Making Congregational Music Local in Christian Communities Worldwide
What does it mean for music to be considered local in contemporary Christian communities, and who shapes this meaning? Through what musical processes have religious beliefs and practices once ‘foreign’ become ‘indigenous’? How does using indigenous musical practices aid in the growth of local Christian religious practices and beliefs? How are musical constructions of the local intertwined with regional, national or transnational religious influences and cosmopolitanisms?
Making Congregational Music Local in Christian Communities Worldwide explores the ways that congregational music-making is integral to how communities around the world understand what it means to be ‘local’ and ‘Christian’. Showing how locality is produced, negotiated, and performed through music-making, this book draws on case studies from every continent that integrate insights from anthropology, ethnomusicology, cultural geography, mission studies, and practical theology. Four sections explore a central aspect of the production of locality through congregational music-making, addressing the role of historical trends, cultural and political power, diverging values, and translocal influences in defining what it means to be ‘local’ and ‘Christian’. This book contends that examining musical processes of localization can lead scholars to new understandings of the meaning and power of Christian belief and practice.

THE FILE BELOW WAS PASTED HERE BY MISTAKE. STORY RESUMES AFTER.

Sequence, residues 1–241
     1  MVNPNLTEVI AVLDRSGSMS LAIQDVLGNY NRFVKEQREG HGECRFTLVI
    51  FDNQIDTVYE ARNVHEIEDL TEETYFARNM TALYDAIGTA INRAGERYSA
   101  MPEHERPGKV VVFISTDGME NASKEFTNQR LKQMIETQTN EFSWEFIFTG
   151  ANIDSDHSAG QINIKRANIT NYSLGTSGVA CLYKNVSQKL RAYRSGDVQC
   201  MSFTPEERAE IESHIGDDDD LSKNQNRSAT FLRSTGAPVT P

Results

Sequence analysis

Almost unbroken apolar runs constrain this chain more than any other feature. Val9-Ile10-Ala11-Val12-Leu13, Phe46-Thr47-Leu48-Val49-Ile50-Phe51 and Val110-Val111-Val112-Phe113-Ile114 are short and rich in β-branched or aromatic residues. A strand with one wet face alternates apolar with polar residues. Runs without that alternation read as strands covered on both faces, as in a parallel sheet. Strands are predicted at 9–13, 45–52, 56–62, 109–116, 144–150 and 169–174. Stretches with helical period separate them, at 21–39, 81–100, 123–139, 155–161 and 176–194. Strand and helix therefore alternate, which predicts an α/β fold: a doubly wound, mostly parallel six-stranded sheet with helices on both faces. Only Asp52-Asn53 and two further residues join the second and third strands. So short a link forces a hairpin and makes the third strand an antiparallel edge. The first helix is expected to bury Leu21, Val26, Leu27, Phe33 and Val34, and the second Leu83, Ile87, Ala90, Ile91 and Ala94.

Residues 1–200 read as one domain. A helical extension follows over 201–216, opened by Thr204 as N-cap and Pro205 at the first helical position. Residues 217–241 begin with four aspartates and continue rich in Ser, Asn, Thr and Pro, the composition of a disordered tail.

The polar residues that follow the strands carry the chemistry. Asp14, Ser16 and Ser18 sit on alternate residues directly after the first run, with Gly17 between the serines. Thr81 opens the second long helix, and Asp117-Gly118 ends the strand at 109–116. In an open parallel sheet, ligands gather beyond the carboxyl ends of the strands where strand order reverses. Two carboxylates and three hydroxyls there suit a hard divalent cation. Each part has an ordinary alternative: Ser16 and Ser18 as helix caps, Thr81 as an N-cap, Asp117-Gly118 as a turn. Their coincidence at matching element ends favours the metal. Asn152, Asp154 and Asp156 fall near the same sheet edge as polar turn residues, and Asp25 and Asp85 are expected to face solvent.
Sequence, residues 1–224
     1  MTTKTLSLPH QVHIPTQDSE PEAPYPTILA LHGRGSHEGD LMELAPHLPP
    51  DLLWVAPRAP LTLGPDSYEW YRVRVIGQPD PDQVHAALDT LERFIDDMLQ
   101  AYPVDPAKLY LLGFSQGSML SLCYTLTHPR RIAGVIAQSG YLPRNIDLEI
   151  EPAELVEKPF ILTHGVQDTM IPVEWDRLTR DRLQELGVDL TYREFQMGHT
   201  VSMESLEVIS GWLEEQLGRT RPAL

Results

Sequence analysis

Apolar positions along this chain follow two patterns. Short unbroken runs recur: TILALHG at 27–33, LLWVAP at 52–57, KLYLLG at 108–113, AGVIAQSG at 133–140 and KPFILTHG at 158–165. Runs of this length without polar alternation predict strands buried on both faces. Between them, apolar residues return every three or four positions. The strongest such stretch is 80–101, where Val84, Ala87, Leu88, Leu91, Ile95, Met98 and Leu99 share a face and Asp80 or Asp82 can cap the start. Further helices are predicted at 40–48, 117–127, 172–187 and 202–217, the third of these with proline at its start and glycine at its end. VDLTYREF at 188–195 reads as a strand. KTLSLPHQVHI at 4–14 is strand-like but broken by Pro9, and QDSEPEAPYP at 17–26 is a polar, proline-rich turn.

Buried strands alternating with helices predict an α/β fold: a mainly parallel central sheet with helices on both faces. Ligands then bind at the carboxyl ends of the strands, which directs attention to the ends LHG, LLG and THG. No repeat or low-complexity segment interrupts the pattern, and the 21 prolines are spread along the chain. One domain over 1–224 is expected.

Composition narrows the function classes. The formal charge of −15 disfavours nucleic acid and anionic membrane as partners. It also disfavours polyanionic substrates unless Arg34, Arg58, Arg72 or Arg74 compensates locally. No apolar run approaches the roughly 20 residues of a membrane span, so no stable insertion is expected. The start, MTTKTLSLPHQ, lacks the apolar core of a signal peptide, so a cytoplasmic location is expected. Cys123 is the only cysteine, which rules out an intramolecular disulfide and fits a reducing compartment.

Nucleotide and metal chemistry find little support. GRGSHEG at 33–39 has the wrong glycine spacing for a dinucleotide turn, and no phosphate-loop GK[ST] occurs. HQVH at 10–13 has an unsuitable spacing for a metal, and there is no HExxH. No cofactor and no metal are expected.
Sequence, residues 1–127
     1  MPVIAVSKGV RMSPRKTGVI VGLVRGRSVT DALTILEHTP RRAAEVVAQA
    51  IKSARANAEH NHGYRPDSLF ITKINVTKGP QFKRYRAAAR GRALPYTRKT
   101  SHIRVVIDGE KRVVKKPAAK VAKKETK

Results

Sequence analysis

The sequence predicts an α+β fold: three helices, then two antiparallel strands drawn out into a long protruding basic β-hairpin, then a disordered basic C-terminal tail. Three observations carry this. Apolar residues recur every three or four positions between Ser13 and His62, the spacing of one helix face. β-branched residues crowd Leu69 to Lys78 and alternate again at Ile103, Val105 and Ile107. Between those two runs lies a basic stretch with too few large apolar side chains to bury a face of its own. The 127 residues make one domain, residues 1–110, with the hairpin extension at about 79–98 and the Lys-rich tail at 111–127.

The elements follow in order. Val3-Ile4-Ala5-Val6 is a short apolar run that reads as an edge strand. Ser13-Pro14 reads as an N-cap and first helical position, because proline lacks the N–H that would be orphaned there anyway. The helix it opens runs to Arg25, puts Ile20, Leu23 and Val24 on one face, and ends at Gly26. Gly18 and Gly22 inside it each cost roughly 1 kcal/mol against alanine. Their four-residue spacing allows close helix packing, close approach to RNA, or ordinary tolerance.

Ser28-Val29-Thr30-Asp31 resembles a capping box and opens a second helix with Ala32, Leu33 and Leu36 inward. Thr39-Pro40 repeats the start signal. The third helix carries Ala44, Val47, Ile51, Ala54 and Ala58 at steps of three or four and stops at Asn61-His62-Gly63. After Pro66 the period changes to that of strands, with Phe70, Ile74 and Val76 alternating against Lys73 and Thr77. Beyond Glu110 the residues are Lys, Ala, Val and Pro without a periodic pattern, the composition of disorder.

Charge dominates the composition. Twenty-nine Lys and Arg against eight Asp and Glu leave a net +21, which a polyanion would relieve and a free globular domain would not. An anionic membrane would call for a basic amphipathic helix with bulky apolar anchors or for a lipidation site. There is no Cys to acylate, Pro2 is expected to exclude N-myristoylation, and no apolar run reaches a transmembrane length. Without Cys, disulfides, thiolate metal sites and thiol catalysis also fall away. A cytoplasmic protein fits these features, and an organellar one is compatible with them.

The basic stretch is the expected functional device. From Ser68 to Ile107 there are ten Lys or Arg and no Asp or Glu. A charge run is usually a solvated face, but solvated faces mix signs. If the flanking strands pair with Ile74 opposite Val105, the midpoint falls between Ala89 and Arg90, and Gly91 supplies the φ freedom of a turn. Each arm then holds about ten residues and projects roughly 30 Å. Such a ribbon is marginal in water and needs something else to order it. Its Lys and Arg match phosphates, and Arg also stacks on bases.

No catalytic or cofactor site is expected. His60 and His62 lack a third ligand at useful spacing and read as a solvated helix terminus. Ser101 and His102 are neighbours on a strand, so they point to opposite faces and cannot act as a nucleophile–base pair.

'Inter-disciplinary research projects are difficult to undertake. I want to congratulate the authors in this book for taking up this significant effort of investigating the music making efforts of local Christian communities drawing on methodological parameters both in and beyond their ethnomusicological arena. The resulting effort of crossing boundaries to undertake this work is most admirable and noteworthy.'
Lim Swee Hong, Deer Park Associate Professor of Sacred Music, Emmanuel College, University of Toronto, Canada